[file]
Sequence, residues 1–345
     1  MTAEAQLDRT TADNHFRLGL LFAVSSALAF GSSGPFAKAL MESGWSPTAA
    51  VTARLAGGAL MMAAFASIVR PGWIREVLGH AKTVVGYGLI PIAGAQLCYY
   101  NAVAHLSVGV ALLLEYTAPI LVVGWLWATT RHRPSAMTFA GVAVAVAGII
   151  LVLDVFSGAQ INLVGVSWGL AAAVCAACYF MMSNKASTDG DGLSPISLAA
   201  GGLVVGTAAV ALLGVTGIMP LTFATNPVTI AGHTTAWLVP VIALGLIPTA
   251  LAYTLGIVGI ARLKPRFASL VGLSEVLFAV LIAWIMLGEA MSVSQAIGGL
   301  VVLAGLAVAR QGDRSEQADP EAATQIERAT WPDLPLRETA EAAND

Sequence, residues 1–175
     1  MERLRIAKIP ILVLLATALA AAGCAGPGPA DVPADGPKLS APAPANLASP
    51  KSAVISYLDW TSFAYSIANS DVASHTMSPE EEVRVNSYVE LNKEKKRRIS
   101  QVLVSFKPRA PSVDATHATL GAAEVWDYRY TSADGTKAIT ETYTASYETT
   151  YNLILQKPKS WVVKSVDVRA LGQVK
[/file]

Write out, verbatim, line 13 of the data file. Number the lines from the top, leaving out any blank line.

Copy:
   151  YNLILQKPKS WVVKSVDVRA LGQVK